When Karl Marx Worked For Horace Greeley


In fact, much of the material he gathered for Greeley, particularly on the impoverishment of the English working classes during the depression of the late 1850’s, went bodily into Das Kapital. So did portions of a particularly virulent satire he wrote for the Tribune on the Duchess of Sutherland, a lady who had taken the visit of Harriet Beecher Stowe to London as the occasion to stage a women’s meeting that dispatched a lofty message of sympathy to their “American sisters” in their cause of abolishing Negro slavery. Marx scornfully asked what business the Duchess of Sutherland had stepping forth as a champion of freedom in America, when at home she herself was living off vast Scottish estates from which not so long ago her own family had driven off 3,000 tenant families and burned their villages in order to turn the land back to pasture lands and ducal hunting preserves.

The Tribune was not only Marx’s meal ticket but his experimental outlet for agitation and ideas during the most creative period of his life. Had there been no Tribune sustaining him, there might possibly— who knows?—have been no Das Kapital. And had there been no Das Kapital, would there have been a Lenin and a Stalin as the master’s disciples? And without a Marxist Lenin and Stalin, in turn, would there have been…? We had best leave the question there. History sometimes moves in mysterious ways.

Few episodes in journalism seem more singular and unlikely than this association of the frowning ideologist of Soho on one hand and, on the other the moon-faced, owlish Vermont Yankee known affectionately to legions of readers in North and West as “Uncle Horace” as he traipsed around the country on the steamcars with his squeaky rural voice, his drooping spectacles, his carpetbag, and his broad-brimmed white hat. It is startling enough today that their careers should ever have become intertwined. What is even more odd in retrospect is the degree to which they did. Although Marx filed well over 500 pieces to the Tribune, just how many there were nobody knows, since many were “spiked,” killed and forgotten, while others were cut up and cannibalized, and still others were taken over bodily and printed without his by-line as leaders in the special precincts of Greeley’s own editorial page. Precisely which of Marx’s pieces were so used only a process of deduction and guesswork can tell, since no copies were kept. Today, scanning the Tribune’s files, one cannot be sure whether the voice one encounters thundering on its most famous page is that of the great Greeley himself or that of his rabid man in London, Herr Doktor Marx.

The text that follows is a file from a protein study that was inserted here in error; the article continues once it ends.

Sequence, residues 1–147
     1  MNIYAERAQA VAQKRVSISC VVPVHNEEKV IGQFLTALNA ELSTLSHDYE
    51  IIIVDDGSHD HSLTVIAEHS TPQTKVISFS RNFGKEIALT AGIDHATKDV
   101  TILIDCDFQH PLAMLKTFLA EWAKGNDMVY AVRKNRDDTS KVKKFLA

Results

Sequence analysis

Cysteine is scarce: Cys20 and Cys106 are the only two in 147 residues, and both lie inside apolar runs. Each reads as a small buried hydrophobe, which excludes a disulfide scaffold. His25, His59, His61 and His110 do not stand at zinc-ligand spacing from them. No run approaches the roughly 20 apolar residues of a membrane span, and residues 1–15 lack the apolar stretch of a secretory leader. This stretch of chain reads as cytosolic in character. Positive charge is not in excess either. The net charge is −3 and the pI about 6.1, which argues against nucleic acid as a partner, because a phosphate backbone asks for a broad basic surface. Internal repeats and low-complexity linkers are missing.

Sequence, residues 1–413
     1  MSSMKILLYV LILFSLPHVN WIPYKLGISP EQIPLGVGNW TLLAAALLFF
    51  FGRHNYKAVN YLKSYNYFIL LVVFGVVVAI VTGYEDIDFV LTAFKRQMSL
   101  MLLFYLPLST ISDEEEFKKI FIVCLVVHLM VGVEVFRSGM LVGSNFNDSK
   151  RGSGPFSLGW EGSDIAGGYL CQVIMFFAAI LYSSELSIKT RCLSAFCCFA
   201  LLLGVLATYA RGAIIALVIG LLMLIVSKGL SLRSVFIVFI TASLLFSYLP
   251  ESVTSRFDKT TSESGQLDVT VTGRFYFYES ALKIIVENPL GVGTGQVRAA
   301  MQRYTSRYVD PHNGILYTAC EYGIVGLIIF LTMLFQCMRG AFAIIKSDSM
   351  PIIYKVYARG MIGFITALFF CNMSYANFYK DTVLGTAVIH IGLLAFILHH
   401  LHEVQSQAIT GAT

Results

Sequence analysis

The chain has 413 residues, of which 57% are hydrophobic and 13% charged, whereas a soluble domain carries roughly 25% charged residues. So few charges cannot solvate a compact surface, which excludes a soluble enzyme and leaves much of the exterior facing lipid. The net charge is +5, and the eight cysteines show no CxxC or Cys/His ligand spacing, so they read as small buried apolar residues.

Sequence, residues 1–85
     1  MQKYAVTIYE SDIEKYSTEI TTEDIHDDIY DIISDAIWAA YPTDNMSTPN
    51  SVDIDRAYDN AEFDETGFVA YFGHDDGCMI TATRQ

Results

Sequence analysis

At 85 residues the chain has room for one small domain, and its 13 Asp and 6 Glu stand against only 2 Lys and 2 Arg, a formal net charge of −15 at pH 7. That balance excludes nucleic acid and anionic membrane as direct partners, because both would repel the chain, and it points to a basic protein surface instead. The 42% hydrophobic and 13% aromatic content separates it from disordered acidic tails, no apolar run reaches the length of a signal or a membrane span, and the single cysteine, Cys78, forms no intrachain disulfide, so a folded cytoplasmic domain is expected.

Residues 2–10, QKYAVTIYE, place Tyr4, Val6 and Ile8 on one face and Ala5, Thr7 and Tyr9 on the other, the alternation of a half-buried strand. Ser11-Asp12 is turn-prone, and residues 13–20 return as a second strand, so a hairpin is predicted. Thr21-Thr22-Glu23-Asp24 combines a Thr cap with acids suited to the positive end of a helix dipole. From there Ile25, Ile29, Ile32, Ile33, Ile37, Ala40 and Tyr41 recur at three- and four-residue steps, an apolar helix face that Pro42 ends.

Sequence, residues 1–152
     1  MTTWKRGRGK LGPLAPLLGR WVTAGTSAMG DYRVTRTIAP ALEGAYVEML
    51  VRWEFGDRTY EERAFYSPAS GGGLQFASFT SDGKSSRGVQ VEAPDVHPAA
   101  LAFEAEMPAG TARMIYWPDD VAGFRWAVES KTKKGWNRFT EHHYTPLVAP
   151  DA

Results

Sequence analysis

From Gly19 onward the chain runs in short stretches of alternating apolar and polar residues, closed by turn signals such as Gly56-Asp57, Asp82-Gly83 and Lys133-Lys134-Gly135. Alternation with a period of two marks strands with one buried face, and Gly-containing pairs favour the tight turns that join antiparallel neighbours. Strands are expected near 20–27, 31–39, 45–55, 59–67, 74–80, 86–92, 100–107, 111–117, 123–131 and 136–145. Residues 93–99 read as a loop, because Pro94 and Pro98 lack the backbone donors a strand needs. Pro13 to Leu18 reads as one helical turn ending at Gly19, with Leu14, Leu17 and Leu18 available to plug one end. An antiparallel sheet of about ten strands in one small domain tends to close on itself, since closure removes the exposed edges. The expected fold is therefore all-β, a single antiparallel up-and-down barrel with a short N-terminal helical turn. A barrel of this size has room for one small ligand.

And the puzzle goes one step further. Even on those occasions when a Tribune contribution is clearly labeled as by Karl Marx, one cannot be sure that it really was written by Marx at all. Managing editor Dana, who conducted the office’s day-to-day dealings with its London correspondent, evidently believed that whatever Marx sold the Tribune as his own really was his own. But today we know better. From Marx’s immense correspondence with his acolyte, financial angel, and amanuensis, Friedrich Engels (still published for the most part only in the original German) we can discover something his American employers at the time never suspected, namely that much of what they bought as by “Karl Marx” was actually ghostwritten by the ever-helpful Engels.

Not one word of the opening article which the Tribune heralded as being by this “clearest and most vigorous” of German writers, Karl Marx, was penned by Marx at all. Nor was anything he sent to the paper under his own name for the next six months or so. Even after that, what was really Marx’s and what was Engels’ is a question that remains to be explored by Ph.D.’s in search of occupation. But all that matters is that much of what the Tribune’s subscribers in the 1850’s took to be the work of Greeley was the work of Marx, and what they took to be the work of Marx was often that of an unknown assistant in Manchester, England, named Engels.